Bad teacher, weird class. My only D in high school.

  12. BamaBerg Says:

    Public school in Alabama abounds with great tales:

    My 8th grade social studies teacher (male) kept a score for "dumb" comments between the blondes and the brunettes, and yes we learned all about how the Civil War was only about states rights.

    My math teacher (female) informed us that it was disgraceful that a woman was running for governor because God did not intend women to be leaders.

    And health class, forget abstinence only education, we had no sex ed.
    Completely ignored the subject, instead we got Maslow's Hierarchy of needs and the three sides of the personal-development triangle (physical, intellectual, and social, if you were wondering). Very helpful.

  13. Shane Says:

    I went to College at a school that will accept anyone and touts itself as a career college. They brag that their faculty were activley working in the field that they were teaching. Translation, the faculty all had full time day jobs and very little time to commit to the courses that they were teaching.
    I had an accounting class that started in March and had a brand new textbook. The instructor right out of the gate complained about how busy she had been due to it being tax season at her sole proprietorship accounting business. She then cracked the new textbook open for what I assume is the first time and began reading p. 1 to us and writing the key points down on the dry erase board. There was a steady stream of students heading out the door after about a half hour. I lasted an hour and 20 minutes.

  14. Adiaphora Says:

    Two stories, both related to arts.

    First was in high-school. Took a "Digital Arts" class back in 02'. The comp lab was new to the school, so the teachers assigned for the classes within, Digital Arts being one, were fresh. I had this lady who, for what I could gather, had zero experience using any of the programs she was set to teach us. She read to us step-by-step projects out of a "How To Use Corel Draw For Dummies" style book for the duration of the class, sometimes. The class devolved into a free period where everyone simply surfed the internet and gave no fucks. I would have liked to have taken away at least a basic understanding of Photoshop and Flash, of which I got neither from the class. Complete waste.

    Second story was while I was in a CalState system university for my BFA. I took a Typography class (which I later ended up not needing) with one of the worst professors I've ever encountered. I'm pretty lax when it comes to questionable teaching, but there was nothing redeeming about this guy. From the start he came off as really smug, having been in the commercial illustration/design industry for years, taught at high-end art colleges, blah blah blah. Spent a lot of his time telling us horror stories about how thankful we should be that he's not the kind of prof that rips students projects off the wall and throws them out the window. For as much as he demanded us to be organized, he was never prepared when class started.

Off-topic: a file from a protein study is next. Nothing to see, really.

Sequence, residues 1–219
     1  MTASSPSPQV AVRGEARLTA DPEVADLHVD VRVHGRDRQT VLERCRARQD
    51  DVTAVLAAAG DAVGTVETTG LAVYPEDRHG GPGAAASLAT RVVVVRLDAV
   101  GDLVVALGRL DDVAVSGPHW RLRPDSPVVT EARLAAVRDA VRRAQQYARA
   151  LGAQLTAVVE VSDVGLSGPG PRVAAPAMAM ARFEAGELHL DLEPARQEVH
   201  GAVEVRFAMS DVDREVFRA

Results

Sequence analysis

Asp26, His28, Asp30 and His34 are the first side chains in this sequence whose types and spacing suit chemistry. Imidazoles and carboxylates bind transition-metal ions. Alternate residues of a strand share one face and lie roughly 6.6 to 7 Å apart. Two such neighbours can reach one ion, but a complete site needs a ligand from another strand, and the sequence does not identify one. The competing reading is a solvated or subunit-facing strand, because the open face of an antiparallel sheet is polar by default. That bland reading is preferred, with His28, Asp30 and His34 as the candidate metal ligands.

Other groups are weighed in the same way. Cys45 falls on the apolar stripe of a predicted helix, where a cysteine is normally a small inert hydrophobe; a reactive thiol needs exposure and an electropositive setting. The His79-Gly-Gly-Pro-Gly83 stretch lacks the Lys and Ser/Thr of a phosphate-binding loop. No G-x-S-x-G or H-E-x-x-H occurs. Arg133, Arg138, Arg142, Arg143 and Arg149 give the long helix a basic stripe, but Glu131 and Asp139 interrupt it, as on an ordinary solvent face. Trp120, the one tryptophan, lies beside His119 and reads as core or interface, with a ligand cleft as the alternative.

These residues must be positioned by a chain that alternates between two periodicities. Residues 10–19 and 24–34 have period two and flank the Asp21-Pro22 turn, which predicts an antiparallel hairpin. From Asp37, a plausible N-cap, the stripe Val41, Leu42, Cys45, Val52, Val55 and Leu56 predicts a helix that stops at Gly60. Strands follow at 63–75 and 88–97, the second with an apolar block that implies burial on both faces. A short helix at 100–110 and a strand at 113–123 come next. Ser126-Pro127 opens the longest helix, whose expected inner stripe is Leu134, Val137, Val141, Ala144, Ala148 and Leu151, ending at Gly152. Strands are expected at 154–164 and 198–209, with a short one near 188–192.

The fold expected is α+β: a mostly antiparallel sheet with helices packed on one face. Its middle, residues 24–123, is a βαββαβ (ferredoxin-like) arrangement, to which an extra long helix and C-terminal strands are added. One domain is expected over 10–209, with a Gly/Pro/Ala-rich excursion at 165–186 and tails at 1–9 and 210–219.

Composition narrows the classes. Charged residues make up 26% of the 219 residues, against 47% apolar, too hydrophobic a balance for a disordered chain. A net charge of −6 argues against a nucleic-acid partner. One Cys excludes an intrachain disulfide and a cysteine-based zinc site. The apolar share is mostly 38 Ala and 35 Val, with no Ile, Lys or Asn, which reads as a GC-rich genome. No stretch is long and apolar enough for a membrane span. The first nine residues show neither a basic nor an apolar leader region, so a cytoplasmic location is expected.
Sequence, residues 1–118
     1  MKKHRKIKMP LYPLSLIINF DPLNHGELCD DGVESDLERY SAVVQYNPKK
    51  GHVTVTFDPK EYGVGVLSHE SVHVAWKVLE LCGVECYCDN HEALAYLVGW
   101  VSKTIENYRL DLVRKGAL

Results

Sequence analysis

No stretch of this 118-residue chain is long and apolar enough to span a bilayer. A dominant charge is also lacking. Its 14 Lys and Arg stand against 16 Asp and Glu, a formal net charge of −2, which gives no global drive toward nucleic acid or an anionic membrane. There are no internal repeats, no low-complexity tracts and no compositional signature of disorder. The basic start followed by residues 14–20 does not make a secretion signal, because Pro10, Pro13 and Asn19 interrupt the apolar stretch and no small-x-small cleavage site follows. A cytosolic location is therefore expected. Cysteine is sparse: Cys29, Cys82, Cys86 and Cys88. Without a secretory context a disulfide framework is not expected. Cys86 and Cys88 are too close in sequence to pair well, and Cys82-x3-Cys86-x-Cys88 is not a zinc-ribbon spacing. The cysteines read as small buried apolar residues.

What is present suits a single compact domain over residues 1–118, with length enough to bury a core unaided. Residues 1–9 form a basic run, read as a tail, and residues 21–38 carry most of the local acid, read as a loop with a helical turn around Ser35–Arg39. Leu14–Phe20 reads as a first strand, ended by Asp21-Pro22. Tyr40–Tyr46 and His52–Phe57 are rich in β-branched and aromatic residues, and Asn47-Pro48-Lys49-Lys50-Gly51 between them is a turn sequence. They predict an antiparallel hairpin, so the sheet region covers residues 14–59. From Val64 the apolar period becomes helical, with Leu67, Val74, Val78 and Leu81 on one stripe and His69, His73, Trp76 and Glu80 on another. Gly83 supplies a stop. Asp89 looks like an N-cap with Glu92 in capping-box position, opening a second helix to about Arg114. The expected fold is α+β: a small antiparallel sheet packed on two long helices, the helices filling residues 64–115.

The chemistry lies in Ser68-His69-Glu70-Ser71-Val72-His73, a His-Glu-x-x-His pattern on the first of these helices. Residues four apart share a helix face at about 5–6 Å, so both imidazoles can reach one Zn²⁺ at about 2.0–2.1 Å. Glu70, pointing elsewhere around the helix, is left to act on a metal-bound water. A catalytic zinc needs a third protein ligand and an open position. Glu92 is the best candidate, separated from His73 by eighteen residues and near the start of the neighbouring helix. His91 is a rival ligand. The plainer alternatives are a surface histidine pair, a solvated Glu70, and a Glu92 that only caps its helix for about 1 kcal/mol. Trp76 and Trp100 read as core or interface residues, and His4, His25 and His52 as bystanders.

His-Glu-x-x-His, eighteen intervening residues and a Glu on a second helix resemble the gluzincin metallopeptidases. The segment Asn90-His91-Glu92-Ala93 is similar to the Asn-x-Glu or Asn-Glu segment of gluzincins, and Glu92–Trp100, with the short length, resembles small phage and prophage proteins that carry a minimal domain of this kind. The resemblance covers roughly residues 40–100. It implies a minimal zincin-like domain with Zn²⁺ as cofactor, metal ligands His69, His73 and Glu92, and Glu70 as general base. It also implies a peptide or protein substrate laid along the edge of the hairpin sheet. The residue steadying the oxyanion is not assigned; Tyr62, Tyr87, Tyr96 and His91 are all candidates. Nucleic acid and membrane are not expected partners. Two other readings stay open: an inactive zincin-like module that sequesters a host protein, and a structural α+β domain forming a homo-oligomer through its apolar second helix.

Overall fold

The absolute worst was his insistence on using our Type and Font resource book as our main source for our typography projects, as opposed to just, opening up Adobe Illustrator and dicking around for a few minutes. What this means is, if you needed to get let's say a few letters like S, H, I and T, in Baskerville font at a particular size, you'd have to drag your book to the nearest copy machine (and/or scanner with an oversize printer) and trial & error for a while as you print page after page of sample letters in various sizes, trace them, quickly ink them, and hope it works with the design you're making, otherwise it's back to trial & error stage. Alternatively, you could get exactly what you need with no trial and error in Adobe Illustrator in less than a minute, without wasting money and materials making test prints. He didn't give us access to the comps with Illustrator, which were in the same fucking classroom, and he'd mark us down if he found evidence that we used Illustrator to create our designs. It's the equivalent of not being allowed to use the internet as a resource when citing works, it's that inhibiting. No contemporary design firm would use this methodology. As the semester was winding down, his teaching methods were holding back the class with his archaic guidelines, so he finally allowed us to use Illustrator at the very end.

    On the last day, we had a potluck when we turned in our final portfolios for the class. He managed to spill cola over roughly half the class's portfolios. I felt bad for the Graphic Design and Illustration majors, who didn't have a choice but to deal with him for a few classes, as he was the only one teaching some of the required core classes.

    All that aside, I have been fortunate enough to have a good ratio of awesome profs, a fair amount of 'okay' ones, and very few terrible ones.

  15. Hurpdurp Says: